SEOUL -- Samsung Electronics Co. Ltd. today announced it has begun volume production of a new 16-bit RISC-based processor for smart-card applications in a move to expand its product offering and become the world's largest supplier of smart-card chips by 2005.
The 16-bit ClamRISC central processing unit fills out Samsung's existing lineup of smart-card CPUs, which include 8- and 32-bit processors.
The new 16-bit CPU has an option for 32 or 64 kilobytes of EEPROM, 128-Kbytes of mask-programmed ROM, and 4-Kbytes of RAM. It is aimed at smart-card data storage, computation and security systems, such as wireless communications, e-commerce, and transportation applications, said Samsung.
The Korean semiconductor giant said Data Encryption Standard (DES) algorithms have been integrated into the device to provide higher-speed encoding operations between smart cards and readers. According to Samsung, the DES hardware is 10,000 times faster than software-based implementations of the widely used encryption standard.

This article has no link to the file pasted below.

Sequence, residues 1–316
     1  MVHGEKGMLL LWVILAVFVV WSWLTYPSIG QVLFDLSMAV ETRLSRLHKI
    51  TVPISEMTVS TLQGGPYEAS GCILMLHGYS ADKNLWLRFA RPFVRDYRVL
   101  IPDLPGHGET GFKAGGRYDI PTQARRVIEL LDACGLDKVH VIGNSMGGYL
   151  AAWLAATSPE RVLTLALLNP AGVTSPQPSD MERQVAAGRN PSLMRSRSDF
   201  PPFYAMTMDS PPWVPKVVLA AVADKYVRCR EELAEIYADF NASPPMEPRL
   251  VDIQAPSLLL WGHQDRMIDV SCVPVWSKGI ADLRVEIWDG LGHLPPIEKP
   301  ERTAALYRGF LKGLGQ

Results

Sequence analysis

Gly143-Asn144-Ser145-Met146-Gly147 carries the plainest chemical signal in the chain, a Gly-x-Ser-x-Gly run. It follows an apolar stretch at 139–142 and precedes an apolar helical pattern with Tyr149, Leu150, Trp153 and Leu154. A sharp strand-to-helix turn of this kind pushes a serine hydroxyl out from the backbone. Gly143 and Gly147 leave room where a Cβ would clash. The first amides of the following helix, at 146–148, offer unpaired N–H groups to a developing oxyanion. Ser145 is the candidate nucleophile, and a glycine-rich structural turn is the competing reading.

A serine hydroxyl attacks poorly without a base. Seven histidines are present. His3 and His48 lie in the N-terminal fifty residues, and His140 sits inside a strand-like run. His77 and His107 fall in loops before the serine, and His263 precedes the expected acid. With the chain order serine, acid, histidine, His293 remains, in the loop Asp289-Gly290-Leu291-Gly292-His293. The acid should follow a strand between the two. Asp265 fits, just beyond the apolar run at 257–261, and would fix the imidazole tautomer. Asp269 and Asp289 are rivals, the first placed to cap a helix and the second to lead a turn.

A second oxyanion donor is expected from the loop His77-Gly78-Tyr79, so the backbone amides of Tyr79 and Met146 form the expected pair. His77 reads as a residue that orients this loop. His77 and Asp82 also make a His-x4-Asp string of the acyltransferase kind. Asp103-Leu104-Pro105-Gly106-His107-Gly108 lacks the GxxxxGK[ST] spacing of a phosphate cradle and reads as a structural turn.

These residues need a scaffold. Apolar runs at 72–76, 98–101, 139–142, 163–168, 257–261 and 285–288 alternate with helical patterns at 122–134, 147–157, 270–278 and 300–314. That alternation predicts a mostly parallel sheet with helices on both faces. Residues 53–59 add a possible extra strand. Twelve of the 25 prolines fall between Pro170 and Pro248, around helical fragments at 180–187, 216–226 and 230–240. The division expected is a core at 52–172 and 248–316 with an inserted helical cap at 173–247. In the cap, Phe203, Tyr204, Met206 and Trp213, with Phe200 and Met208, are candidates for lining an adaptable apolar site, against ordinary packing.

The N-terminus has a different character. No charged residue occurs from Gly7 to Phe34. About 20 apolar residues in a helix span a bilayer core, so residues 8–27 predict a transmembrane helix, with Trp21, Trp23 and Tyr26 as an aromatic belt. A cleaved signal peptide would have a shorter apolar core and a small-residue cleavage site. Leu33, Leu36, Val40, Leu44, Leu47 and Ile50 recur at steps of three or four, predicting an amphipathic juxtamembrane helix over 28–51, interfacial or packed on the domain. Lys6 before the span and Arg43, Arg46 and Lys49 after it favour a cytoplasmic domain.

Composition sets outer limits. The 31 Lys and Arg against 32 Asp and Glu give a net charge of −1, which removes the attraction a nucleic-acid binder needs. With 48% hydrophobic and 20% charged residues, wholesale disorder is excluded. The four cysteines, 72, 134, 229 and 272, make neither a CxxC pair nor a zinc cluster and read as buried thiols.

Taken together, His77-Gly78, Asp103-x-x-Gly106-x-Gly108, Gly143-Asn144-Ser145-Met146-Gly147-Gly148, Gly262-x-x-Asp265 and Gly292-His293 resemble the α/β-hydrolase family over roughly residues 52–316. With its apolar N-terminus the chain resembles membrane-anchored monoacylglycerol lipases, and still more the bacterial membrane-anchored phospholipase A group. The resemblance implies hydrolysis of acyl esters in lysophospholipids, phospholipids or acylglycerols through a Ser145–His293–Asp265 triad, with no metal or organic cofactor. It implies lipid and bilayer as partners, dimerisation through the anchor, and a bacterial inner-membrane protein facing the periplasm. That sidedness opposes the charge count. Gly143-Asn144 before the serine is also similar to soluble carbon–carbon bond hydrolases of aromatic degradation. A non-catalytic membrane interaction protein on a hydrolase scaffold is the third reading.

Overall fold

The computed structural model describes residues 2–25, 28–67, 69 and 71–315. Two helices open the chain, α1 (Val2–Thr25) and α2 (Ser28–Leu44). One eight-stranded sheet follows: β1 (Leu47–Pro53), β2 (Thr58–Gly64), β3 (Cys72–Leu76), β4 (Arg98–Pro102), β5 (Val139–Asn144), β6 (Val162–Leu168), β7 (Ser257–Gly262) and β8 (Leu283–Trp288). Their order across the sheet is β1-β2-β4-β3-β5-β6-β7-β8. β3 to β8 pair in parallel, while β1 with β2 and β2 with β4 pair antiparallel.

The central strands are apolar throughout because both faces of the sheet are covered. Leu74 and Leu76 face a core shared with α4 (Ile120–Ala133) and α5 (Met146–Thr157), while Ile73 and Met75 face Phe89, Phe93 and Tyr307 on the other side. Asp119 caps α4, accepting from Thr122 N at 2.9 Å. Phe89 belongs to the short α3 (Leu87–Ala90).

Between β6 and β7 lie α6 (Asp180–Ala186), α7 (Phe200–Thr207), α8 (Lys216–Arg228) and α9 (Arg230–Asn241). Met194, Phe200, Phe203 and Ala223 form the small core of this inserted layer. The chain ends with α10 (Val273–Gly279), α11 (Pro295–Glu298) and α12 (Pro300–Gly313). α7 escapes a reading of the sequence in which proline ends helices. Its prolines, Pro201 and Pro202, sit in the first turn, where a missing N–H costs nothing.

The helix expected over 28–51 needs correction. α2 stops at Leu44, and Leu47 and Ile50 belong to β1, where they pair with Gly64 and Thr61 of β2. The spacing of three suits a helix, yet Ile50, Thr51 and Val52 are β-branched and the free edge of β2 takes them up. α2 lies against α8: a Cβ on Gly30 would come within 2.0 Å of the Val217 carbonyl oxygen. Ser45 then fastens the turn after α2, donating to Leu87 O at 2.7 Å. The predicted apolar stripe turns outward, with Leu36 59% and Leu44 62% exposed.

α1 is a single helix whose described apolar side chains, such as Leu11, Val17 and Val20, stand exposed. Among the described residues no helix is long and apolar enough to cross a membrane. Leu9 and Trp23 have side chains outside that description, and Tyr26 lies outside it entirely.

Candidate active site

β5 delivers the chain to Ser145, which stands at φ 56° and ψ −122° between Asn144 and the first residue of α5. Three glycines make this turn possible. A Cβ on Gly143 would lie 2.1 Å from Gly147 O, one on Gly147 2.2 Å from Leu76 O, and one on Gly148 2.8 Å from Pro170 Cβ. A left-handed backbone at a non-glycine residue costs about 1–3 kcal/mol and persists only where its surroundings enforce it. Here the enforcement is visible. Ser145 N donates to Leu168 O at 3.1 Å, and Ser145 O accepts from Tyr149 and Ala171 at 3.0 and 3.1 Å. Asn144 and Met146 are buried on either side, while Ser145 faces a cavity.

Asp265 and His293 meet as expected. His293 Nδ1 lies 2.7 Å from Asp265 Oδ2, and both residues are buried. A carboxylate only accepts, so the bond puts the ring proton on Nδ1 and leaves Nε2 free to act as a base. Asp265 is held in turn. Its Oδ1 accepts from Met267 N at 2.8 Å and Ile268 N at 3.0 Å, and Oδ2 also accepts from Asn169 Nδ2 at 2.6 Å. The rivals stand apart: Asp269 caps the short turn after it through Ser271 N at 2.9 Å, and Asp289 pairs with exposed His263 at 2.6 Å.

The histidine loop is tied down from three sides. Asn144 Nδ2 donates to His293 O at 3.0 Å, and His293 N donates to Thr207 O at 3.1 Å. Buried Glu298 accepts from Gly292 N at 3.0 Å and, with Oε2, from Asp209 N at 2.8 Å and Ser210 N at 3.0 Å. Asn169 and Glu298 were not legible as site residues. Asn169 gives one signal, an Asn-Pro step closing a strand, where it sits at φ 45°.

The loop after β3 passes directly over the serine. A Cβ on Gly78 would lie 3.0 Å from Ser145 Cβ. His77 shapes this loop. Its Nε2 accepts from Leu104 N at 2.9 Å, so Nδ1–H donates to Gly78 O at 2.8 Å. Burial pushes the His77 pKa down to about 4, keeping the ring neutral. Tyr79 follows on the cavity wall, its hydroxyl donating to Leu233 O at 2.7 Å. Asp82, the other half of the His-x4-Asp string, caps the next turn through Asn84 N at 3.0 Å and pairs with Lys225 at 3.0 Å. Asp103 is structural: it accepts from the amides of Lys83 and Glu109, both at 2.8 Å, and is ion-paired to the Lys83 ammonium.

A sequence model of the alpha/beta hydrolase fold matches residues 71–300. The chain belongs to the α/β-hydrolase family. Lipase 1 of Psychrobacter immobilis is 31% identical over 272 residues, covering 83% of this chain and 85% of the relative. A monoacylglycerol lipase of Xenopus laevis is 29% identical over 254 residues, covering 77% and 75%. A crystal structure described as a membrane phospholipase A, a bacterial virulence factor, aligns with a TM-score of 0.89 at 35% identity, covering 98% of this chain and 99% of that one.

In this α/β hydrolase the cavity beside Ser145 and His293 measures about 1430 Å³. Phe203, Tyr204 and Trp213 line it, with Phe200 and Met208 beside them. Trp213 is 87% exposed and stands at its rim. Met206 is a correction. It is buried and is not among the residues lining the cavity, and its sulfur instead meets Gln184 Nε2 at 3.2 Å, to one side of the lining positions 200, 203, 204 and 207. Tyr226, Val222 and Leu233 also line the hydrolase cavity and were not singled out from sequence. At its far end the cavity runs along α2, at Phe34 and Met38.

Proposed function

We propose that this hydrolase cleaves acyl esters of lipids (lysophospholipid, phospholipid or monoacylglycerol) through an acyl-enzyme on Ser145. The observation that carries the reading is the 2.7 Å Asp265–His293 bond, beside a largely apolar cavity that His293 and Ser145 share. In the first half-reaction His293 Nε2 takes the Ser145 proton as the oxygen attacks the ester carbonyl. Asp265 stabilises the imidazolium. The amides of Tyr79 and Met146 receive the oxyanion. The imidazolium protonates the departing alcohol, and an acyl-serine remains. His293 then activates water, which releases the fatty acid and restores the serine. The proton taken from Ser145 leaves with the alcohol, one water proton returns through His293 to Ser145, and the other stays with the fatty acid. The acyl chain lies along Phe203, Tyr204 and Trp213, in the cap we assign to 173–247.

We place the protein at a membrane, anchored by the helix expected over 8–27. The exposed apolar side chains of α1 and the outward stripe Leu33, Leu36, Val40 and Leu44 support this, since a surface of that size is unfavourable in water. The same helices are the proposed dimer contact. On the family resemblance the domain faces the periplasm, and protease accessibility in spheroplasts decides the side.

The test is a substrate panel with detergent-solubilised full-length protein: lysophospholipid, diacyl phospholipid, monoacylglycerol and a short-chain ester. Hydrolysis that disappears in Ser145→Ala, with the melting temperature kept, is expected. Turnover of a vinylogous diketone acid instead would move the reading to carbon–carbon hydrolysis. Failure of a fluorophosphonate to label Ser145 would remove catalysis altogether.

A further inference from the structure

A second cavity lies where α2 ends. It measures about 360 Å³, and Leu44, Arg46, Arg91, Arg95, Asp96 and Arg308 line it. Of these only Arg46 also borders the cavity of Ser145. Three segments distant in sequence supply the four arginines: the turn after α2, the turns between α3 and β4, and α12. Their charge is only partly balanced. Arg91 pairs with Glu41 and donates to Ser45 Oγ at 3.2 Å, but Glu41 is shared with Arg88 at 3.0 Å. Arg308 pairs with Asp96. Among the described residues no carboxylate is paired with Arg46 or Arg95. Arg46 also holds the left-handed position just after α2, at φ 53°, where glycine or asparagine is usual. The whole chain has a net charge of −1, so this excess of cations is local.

Samsung said it has designed the 16-bit smart card CPU to use an onboard operating system that can accommodate multiple specifications for end-user requirements. The device can be supported by Multos or Java software platforms, the company said.
Citing a forecast from Dataquest Inc, the Korean chip maker said the smart card chip market is expected to be worth $1.3 billion in 2001 and grow at an average of 30% per year to $3.2 billion by 2004. Samsung said it now aims to become the world's largest supplier of smart card chips by 2005.